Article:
details of its neightbor field. However, if this scenario is
shown to be the case, the structure map of Laslau Mare field
would have to be modified so that structure contours would
then truncate against this fault. An effect of this modification
of the structure map would be an increase in the original gasin-place volume. Of course, if this proves to be a likely
scenario, the sealing or transmissibility character of the fault
would have to be considered.

Because of issues, such as the uncertainty of the eastern

boundary of Laslau Mare field, a program of new seismic
acquisition (and possible reprocessing of existing seismic
data) is under consideration. Acquisition of these new data
also would provide an improved view of internal structures
within the field that currently are unrecognized. Importantly,
new, high-resolution seismic data would provide much
improved understanding of the deeper reservoir intervals,
which have fewer well penetrations.
Probably the best way to show the results is by observing our
projects production chart (Fig. 8). In there times are clearly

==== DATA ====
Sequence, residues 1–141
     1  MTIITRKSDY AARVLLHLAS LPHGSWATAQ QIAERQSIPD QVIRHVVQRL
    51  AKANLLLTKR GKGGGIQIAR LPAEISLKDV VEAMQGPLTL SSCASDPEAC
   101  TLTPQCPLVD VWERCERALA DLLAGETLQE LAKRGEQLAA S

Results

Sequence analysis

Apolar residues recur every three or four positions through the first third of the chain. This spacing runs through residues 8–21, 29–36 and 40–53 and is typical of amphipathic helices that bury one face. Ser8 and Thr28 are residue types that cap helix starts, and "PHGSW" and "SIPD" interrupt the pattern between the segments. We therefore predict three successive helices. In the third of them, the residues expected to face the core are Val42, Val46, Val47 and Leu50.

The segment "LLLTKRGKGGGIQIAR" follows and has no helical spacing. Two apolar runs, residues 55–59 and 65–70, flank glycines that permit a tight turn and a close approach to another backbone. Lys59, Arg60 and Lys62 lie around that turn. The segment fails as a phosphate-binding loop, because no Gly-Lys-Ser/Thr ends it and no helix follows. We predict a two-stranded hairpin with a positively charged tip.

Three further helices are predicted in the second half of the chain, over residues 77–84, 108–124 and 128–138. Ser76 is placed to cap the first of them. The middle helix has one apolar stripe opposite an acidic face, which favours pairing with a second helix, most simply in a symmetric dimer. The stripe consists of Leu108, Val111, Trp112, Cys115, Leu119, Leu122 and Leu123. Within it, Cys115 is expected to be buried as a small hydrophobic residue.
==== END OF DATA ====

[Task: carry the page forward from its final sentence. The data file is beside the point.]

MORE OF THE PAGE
defined and includes:
Contract signing
Work start date
Wellwork began
Artificial lift and well optimization began
Facilities debottlenecking began
The last period of the chart shows the production goal for the
months to come at the time this paper was written.
Short-term production goals are often achieved at the
cost of high decline rates. Over the long term, a
sustainable production plateau is sought. The greatest
technology challenge is preparing for and enabling
management of decline in the short term while
increasing recovery factors in the longer term.
This work is still continuing and our interpretations
are being refined with time. Our data collection and
initial evaluation should be completed by the middle
of 2005. The ultimate goal is to obtain better reserve
estimates as well as increased production and